Molecular requirements of imino sugars for the selective control of N-linked glycosylation and glycosphingolipid biosynthesis
Butters TD., Van Den Broek LAGM., Fleet GWJ., Krulle TM., Wormald MR., Dwek RA., Platt FM.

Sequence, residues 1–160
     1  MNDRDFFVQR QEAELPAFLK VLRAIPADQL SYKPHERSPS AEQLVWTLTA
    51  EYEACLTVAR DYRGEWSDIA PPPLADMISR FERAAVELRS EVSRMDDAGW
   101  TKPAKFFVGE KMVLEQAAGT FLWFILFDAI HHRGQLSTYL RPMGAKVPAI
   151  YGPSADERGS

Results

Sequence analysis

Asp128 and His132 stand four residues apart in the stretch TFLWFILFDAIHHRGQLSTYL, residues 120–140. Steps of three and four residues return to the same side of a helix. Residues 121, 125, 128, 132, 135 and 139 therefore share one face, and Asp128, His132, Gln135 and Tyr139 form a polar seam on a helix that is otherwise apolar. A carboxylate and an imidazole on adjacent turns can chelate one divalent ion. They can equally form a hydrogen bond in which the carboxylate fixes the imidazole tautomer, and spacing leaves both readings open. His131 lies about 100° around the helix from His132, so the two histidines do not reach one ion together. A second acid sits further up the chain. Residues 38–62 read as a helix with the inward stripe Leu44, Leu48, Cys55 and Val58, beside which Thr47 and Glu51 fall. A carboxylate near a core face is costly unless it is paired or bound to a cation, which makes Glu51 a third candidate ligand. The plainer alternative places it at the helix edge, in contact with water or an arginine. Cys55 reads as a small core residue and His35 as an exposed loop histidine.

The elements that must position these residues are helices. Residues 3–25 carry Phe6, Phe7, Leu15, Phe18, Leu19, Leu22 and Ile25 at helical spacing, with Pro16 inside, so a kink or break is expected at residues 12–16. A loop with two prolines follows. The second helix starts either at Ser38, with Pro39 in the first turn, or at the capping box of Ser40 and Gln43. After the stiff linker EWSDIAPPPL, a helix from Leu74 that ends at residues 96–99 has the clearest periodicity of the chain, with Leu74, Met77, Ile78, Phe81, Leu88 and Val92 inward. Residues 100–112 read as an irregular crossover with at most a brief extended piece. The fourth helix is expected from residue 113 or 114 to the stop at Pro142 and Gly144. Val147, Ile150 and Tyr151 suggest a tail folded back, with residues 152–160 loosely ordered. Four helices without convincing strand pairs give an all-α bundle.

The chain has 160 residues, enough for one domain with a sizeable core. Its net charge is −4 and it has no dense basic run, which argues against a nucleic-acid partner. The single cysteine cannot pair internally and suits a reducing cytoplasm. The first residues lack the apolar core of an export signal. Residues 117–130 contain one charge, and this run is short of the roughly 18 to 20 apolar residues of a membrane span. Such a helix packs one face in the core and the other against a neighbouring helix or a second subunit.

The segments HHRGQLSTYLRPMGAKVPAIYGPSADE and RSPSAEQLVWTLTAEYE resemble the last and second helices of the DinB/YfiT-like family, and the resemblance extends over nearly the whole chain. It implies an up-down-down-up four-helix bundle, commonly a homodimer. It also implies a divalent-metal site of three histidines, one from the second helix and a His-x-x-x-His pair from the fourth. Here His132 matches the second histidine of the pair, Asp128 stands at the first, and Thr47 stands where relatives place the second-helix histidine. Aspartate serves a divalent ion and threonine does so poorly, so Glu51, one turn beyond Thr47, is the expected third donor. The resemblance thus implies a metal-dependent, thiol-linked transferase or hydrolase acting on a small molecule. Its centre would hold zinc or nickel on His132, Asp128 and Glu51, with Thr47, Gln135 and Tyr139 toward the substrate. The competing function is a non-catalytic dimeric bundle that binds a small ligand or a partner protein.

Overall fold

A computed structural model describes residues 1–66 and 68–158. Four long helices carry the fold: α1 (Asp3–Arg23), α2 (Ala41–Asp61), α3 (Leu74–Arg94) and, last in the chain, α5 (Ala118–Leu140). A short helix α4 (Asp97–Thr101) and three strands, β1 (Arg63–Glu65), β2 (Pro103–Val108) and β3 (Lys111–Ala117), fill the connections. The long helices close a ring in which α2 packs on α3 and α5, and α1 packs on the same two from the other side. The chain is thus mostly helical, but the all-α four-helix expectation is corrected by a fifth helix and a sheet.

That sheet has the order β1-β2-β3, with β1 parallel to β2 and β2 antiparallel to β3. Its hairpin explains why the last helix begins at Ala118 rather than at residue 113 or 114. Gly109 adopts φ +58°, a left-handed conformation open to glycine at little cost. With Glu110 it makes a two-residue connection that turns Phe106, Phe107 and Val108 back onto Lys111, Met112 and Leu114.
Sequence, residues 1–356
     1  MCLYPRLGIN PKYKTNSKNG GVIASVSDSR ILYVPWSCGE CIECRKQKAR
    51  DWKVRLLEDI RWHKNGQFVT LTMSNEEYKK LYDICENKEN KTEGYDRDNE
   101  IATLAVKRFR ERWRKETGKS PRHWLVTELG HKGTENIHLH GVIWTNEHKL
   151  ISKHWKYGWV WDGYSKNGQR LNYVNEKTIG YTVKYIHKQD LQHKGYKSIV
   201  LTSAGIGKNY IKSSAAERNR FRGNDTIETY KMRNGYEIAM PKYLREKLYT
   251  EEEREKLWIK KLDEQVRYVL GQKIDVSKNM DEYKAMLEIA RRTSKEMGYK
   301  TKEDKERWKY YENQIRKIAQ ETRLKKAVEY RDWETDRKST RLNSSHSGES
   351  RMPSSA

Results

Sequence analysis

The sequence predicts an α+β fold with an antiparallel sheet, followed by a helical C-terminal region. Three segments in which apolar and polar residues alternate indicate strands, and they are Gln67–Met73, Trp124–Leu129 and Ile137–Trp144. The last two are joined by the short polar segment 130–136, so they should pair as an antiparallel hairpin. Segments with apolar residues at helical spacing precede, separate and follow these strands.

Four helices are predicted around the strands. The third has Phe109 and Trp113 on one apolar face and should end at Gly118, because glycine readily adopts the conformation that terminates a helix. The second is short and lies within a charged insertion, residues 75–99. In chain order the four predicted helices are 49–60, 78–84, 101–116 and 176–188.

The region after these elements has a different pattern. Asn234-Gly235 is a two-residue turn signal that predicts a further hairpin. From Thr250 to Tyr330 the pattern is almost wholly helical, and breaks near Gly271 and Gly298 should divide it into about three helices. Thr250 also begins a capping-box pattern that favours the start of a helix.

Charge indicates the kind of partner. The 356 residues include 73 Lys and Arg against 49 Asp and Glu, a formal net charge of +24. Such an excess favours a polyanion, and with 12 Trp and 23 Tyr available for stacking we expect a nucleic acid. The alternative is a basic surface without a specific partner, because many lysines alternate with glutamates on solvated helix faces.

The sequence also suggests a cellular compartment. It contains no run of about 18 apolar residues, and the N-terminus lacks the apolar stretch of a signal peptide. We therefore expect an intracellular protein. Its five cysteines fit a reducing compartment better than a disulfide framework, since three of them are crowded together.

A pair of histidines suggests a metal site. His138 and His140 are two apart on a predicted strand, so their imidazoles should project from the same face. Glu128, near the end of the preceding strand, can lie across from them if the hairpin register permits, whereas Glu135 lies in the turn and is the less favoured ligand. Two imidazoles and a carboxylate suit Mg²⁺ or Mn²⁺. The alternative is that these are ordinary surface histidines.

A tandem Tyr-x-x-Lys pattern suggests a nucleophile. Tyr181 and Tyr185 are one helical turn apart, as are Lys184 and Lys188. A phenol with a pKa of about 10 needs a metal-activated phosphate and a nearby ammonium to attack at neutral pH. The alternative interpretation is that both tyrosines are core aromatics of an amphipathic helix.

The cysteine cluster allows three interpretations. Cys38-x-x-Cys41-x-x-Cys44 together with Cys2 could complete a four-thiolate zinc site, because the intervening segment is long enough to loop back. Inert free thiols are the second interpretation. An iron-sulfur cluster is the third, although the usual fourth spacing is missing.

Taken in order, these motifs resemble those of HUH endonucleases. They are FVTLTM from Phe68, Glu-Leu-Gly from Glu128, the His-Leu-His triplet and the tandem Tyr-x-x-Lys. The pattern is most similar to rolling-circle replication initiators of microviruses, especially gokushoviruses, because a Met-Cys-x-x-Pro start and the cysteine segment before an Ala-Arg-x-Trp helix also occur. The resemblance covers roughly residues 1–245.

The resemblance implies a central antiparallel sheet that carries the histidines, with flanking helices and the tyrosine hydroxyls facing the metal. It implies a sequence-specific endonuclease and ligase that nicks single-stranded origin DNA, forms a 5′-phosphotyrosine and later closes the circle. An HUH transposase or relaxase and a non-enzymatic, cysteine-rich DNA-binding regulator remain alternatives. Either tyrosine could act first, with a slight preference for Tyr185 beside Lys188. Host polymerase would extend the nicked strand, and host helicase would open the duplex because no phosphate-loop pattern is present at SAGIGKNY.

N-Butyl-deoxynojirimycin (NB-DNJ) has been approved for clinical trials as a potential therapy for Gaucher disease, a glycolipid lysosomal storage disorder. As this compound has both glycoprotein processing α-glucosidase and ceramide glucosyltransferase inhibitory activity, we have sought to determine the molecular basis for these two activities. NB-DNJ is known to resemble the positively charged oxocarbonium-like transition state for α-glucosidase I and the structure-function relationships we present now help to define the recognition epitope for the enzyme. Inhibition of ceramide glucosyltransferase by NB-DNJ was competitive for ceramide (K(i)=7.4 μM) and non-competitive for UDP-glucose, indicating inhibitory activity is by ceramide mimicry. The presence of an N-alkyl chain was obligatory for transferase inhibition and increases in alkyl chain length provided a modest increase in inhibitory potency.By contrast, α-glucosidase inhibition was independent of the N-alkyl chain and changes in chain length. The effects of ring substitutions identified the C3 hydroxyl group as being critical for both enzymes but C1 and C6 modifications led to a loss of transferase inhibition only. Attempts to rationalise these data for transferase inhibition using an energy minimised molecular model of NB-DNJ and ceramide predicted structural homology of three stereogenic centres and the N-alkyl chain of NB-DNJ, with the trans-alkenyl and N-acyl chain of ceramide. On the basis of these studies, modifications to imino sugar inhibitors can be suggested that allow a more selective approach for molecular inhibition of both ceramide glucosyltransferase and α-glucosidase I, leading to improved compounds for the potential treatment of lysosomal glycosphingolipid storage disorders and viral infections, respectively. Copyright (C) 2000.